When Navarro College transfer Josh Greer takes the first snap from center on Saturday against the Texas Longhorns for the North Texas Mean Green, he will do so behind one of the nation's most experienced offensive lines.
So while the Mean Green lost most of the skill position talent from the squad that won nine games and finished the season with an impressive destruction of UNLV at the Heart of Dallas Bowl, the offensive line should remain a team strength -- head coach Dan McCarney returns 123 starts and four starters in the trenches.
The hope for North Texas is that the experienced group can help propel a more effective running game after ranking No. 89 nationally in rush S&P+ last season and losing starter Brandin Byrd to graduation.
Struggles to find explosive plays in the running game may also have been a result of a relatively predictable offense that ran the ball on standard downs 5% more often than the national average. In total, North Texas finished tied for 74th nationally in running plays of 10 or more yards, but No. 45 in rushes of 20 or more yards.
One area where the unit really excelled was in short yardage, ranking No. 22 nationally in power success rate, a measurement of how many times the Mean Green converted on short down-and-distance plays, including near the goal line.
The ability to extend drives in that manner helped McCarney's squad rank No. 11 in field position plus, all while jumping from 118th to 73rd in stuff rate.
In those short-yardage situations, North Texas benefited from one of the top guard tandems in Conference USA. Left guard Mason Y'Barbo and right guard Cyril Lemon are both seniors who have started 37 games in their respective careers. Both earned All-Conference USA honors last year, with Lemon a three-year honoree dating back to the program's days in the Sun Belt.
In fact, Lemon is the only player in the country to start every game in his career and earn all-conference nods each season. He's also versatile enough that he made two starts at right tackle in 2013 and will play there again in 2013, allowing junior college transfer Shawn McKinney to start at right guard. McKinney is a 360-pounder who could make it difficult for the Texas defensive tackles to anchor against the run.
At center, Kaydon Kirby is only a sophomore, but he started all of last season as a redshirt freshman, earning Conference USA All-Freshmen honors. At 330 pounds, Kirby will combine with McKinney for some 690-pound combo blocks.
Where the North Texas line is truly impressive, however, is in pass protection. Over the last two seasons, the line has allowed only 17 sacks, the fewest in the nation. Even the adjusted sack rate was impressive in 2013 -- the Mean Green ranked No. 8 nationally in that category.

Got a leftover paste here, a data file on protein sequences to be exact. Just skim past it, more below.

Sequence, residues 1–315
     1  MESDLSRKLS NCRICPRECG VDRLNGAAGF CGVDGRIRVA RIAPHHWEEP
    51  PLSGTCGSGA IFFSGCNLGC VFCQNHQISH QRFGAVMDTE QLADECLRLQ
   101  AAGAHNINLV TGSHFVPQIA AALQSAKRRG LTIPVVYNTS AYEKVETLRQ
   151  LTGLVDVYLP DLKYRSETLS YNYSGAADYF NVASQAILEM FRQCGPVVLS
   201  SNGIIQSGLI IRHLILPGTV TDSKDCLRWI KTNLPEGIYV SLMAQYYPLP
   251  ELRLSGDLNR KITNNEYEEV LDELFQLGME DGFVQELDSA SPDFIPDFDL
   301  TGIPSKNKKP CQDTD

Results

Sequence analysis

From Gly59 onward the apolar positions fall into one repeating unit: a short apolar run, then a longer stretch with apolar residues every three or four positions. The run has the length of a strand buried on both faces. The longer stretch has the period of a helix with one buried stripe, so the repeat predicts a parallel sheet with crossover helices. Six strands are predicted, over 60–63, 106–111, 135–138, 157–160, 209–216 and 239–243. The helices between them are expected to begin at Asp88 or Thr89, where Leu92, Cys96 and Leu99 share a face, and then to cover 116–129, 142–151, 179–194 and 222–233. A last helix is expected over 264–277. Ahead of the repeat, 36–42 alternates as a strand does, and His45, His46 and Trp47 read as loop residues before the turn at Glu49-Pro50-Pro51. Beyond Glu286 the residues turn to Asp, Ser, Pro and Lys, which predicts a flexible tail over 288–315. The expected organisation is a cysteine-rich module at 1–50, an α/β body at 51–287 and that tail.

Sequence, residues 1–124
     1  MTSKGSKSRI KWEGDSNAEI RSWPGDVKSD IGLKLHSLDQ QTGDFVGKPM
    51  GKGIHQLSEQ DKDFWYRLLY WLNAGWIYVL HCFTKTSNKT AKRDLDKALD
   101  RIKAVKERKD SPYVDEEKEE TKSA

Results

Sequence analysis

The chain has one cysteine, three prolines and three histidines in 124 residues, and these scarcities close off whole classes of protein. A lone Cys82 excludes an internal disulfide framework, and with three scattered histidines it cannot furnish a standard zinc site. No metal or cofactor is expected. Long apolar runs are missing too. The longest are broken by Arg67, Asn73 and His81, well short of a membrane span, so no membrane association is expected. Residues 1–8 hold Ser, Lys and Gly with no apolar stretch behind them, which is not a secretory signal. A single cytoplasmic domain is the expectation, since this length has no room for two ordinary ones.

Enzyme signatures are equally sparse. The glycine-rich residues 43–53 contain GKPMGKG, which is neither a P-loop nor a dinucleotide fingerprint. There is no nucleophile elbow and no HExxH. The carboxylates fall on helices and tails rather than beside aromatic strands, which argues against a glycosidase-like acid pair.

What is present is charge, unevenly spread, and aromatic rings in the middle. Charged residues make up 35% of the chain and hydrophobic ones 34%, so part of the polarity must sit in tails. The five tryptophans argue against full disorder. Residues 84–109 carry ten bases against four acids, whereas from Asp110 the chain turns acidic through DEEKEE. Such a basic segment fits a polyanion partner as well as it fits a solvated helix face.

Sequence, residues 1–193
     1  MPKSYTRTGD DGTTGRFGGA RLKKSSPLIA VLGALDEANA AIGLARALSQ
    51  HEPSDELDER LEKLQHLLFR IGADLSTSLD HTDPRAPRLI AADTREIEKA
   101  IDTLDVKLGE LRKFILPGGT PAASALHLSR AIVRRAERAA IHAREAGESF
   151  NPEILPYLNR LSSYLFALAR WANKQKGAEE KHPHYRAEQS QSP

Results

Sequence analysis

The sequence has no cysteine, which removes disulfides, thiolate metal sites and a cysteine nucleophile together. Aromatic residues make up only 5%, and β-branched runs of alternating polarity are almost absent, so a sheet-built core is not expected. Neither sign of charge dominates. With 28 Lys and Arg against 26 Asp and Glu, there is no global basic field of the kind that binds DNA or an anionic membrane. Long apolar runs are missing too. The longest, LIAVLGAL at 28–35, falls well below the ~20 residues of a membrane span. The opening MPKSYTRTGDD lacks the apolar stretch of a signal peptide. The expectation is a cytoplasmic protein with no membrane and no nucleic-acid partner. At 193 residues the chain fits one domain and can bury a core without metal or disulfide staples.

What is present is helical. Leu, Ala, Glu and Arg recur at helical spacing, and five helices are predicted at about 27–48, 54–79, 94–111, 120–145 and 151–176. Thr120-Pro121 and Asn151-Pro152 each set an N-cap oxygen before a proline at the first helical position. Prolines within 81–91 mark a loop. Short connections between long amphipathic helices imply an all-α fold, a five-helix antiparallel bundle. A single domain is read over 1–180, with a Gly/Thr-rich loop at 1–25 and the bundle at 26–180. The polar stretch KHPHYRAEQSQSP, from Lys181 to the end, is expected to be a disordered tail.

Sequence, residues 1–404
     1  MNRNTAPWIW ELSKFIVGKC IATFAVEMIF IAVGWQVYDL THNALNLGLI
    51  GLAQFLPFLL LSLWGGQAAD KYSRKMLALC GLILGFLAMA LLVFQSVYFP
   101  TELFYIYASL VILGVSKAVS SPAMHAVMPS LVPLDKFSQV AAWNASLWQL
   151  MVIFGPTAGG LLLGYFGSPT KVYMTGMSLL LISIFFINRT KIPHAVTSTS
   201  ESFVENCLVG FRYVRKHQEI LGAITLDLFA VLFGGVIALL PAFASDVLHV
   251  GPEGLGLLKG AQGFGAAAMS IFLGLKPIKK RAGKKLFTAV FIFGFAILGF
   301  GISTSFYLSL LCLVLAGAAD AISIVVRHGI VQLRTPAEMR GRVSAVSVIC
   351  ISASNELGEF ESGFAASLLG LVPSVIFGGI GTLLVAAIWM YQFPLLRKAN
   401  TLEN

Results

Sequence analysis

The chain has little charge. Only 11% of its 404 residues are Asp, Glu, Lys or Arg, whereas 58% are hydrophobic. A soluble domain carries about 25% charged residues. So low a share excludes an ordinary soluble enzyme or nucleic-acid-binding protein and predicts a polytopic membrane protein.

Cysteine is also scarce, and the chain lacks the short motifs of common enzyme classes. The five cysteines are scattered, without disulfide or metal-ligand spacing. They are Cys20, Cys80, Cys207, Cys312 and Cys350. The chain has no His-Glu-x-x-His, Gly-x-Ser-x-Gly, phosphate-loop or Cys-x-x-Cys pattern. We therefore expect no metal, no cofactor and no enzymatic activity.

The Texas defensive line also features a great deal of experience and should not only rank as the team's best unit overall, but one of the best in the Big 12 conference and in the nation overall.
So when North Texas has the ball on Saturday, it will be a match up of strength on strength and one that should provide some early perspective on just how good the front four for Texas can be this season.
Based on the areas where the Mean Green were especially effective last season, the dual goals for the Horns will be to get off the field on third and short and get to the quarterback. While those are unquestionably goals in each game, the quality and experience of the North Texas offensive line makes the ability to achieve success in those areas more important than in most season openers.
The ability of North Texas to convert on third down will be aided greatly by the team's performance on first down, when North Texas may once again skew heavily towards running the ball. In 2012, offensive coordinator Mike Canales called 280 runs on first down compared to only 141 pass attempts and of the 64 rushing attempts by former starting quarterback Derek Thompson, only 14 came on first down, so there couldn't have been many pass calls that resulted in scrambles.
Against a North Texas offense that relied on a quick, horizontal passing scheme last season, the Texas defensive line may not have much time to get to the quarterback on standard downs, placing a premium on the type of first down success rate that would put the Mean Green behind the chains and into long down-and-distance situations.
If the Horns can manage that, there's a chance to replicate some of last season's success during the conference schedule, when Texas recorded 35 sacks in nine games, aided in part by effective blitzing by defensive coordinator Greg Robinson, who made use of his defensive backs to record five quarterback takedowns.
McCarney's team may well take a step back after losing a number of starters, but the offensive line will still provide an excellent early-season test for a defensive line that will need to play well during the non-conference portion of the schedule if the Horns hope to overcome the Cougars and the Bruins.